I have to see this, but I'm waiting for DVD because well, when one is on a lean budget, explosions and high octane f/x win out on movie night. Can you tell I'm heading out to see Thor this weekend?

  6. I read the novel prior going to this film, and I still walk out of it feeling pleased. McConaughhey looks set to reprise his role as Mickey for the other films to come, great performance.

    Good review and I enjoyed this film as you do too!

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  8. Matty, your reviews are always a joy to read. I wish I was as an accomplished writer as you are :)

    I'm watching this on Sunday probably - Wasn't impressed by the previews, but it seems it's a good one.

  9. Seeing M.M. in a meaty role was a real treat. Great movie...loved the opening credits sequence with the "city streets map" theme. Very creative. The only problem for me was the relationship with Marisa Tomei...seemed like as ex's they got along pretty well (even making love once in a while)...so why did they divorce in the first place? It was explained a little in the scene where she said something like "this always happens" referring to his workaholism...but I didn't buy it. He's a great father and a caring person. Nothing to really get divorced over. Other than that, the movie was perfect. I'm going to get the DVD for my collection. BTW: I'm a fan of his rom coms, too.

  10. Interesting review, Matty! I haven't seen it yet, but I'll probablly rent it soon. It's just hard to get the taste of GHOSTS OF GIRLFRIENDS PAST out of my mouth...but it sounds like THE LINCOLN LAWYER will help me out with that!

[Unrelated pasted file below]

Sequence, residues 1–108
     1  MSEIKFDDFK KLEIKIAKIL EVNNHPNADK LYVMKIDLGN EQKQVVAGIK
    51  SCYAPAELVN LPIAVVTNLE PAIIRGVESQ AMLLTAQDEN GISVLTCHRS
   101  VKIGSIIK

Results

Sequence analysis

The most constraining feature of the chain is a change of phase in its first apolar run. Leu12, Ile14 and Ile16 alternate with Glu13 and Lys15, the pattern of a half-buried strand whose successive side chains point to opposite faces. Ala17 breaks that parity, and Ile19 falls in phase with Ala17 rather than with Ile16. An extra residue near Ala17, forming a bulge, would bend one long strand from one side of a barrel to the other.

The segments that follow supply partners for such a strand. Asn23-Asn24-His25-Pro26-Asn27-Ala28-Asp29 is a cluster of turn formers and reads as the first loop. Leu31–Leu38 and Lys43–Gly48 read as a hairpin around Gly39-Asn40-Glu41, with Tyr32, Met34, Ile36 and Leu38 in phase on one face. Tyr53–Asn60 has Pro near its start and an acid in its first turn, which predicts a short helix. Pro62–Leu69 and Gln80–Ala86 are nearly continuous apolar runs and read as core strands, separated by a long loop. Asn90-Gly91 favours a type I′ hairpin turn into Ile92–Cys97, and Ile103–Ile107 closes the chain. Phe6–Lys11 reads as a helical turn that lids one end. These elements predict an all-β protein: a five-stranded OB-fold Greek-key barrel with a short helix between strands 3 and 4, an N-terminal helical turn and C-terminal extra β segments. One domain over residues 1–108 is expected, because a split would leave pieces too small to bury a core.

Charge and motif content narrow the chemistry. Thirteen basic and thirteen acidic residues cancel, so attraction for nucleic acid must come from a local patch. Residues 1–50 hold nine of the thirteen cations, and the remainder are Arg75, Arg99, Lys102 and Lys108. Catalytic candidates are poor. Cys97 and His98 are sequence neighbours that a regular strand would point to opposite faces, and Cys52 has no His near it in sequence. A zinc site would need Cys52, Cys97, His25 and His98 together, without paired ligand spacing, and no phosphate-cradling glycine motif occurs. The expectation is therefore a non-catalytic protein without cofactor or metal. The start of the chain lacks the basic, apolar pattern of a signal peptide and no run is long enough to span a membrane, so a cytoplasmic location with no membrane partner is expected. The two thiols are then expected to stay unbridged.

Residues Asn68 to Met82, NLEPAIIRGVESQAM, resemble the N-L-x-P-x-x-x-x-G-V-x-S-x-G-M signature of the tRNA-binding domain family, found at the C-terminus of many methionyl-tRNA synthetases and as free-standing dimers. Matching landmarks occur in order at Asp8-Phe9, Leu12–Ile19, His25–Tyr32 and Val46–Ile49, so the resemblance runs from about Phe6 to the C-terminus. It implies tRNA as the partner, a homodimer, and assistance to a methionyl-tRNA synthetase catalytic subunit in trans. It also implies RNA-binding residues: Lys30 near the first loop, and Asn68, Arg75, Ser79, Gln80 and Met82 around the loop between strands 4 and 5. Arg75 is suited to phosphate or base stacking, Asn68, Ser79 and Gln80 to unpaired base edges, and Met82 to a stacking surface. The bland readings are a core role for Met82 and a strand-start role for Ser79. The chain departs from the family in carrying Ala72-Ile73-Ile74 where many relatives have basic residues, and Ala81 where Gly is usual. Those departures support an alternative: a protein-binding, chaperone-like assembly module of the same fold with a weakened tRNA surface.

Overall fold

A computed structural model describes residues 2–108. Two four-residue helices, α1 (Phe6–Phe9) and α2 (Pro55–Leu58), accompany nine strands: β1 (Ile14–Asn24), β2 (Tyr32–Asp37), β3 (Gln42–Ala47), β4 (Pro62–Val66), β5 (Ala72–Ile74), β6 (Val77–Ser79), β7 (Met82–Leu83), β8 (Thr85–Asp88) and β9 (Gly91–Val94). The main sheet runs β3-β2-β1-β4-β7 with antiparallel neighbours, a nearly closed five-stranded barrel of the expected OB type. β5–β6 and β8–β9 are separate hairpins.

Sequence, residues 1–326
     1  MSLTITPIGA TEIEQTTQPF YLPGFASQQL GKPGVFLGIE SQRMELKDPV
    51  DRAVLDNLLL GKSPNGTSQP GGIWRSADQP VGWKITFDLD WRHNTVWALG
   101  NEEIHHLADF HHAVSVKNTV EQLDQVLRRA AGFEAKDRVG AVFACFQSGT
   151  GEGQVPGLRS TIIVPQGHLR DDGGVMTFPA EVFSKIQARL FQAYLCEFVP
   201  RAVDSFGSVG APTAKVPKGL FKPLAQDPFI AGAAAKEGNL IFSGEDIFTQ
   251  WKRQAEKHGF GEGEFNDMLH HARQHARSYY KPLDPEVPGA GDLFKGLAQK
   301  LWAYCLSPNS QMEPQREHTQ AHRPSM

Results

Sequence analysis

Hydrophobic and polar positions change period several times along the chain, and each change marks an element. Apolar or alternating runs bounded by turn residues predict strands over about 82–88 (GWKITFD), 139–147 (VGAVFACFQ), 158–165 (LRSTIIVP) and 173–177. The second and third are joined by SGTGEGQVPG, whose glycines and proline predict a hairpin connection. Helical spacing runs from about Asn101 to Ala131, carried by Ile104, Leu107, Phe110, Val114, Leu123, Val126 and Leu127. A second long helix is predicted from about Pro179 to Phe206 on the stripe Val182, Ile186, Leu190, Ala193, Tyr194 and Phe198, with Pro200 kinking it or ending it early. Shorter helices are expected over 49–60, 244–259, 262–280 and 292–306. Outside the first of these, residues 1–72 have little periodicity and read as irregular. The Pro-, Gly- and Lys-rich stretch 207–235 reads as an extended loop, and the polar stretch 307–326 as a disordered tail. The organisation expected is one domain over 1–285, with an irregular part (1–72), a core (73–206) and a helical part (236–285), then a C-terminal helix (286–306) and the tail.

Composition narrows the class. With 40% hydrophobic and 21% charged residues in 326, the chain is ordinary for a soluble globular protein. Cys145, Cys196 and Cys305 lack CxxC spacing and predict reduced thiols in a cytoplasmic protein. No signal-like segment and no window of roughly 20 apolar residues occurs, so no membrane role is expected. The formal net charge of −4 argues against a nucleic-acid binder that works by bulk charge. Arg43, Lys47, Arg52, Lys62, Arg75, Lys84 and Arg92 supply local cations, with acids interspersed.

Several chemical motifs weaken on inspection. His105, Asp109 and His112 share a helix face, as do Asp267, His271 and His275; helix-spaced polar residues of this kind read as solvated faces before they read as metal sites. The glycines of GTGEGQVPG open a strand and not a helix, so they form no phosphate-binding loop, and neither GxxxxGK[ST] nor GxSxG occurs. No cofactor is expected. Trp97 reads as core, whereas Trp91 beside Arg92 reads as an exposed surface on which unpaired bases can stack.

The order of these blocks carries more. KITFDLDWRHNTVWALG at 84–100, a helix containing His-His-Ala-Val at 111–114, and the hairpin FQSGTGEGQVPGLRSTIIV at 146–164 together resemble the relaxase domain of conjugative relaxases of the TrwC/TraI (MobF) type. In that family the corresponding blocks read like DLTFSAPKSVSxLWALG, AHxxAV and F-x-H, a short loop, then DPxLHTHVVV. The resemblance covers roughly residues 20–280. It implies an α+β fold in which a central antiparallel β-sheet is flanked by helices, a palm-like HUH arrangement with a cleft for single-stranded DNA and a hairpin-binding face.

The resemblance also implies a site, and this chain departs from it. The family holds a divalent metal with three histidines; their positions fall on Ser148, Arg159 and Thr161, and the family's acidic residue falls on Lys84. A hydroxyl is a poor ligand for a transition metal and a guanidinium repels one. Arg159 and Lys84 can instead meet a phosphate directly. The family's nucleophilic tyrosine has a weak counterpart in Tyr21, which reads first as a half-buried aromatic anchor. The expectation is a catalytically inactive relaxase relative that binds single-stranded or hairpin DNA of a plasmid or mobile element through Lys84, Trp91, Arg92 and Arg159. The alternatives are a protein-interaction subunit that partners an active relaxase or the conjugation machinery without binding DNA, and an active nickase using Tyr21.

11. @ Ruth

    It looks good and actually is good. You'll enjoy it!

    @ Melissa

    Haha, my point exactly. I've always enjoyed McConaughey, but I grew tired of his rom coms.

    And I feel your number crunch. Since ticket prices are too high, the opportunity cost of missing a great elaborate f/x film is higher than a courtroom drama. Thus, go for the f/x. I can't wait to see it this Friday as well!

    @ J Son

    Awesome! I didn't read the novel, but from what I gather, it is a very fair adaptation. And thanks!

  12. @ Nebular

    Thanks buddy! And you are quite the skilled writer. Never sell yourself short!

    And it's better than you think because I too, had some tepid preconceptions that went out the window once I dug myself into this film.

    @ Luana

    I completely agree. McConaughey is so much more enjoyable when he plays substantial characters. I really liked him in Frailty as well.

    The opening credit sequence was great especially with the hip hop music thumping in the background. We were immediately enamored with MM. He showed us to be a slick, skilled, and charming fella right off the bat.

    I was also a bit disappointed by the MM and Tomei divorced-relationship. I think they alluded to it the morning after he slept with her. When he was getting ready to pour himself a glass of orange juice, she said something like you never change...along the lines of, while I'm trying to put criminals away, your trying to keep them on the streets. Thus, their opposing career loyalties seemed to be what fractured their relationship.

    @ Rachel

    Thanks! Haha, I feel you on the Ghosts of Girlfriends Past disdain. I could only stomach a quarter of that movie. This move, on the other hand, I enjoyed every minute.

  13. Haven't seen this one but according to your review it sounds like a good one to watch on DVD.

  14. Jaccs, you're a smart moviegoer with good taste. You'll definitely appreciate this movie on DVD!

  15. Do you not think this movie is almost like a hint at the types of characters McConaughey will play in the impending television career that awauts him?

  16. Interesting observation. Sort of the reverse Clooney. We shall see.

    He'd make one heck of a TV star.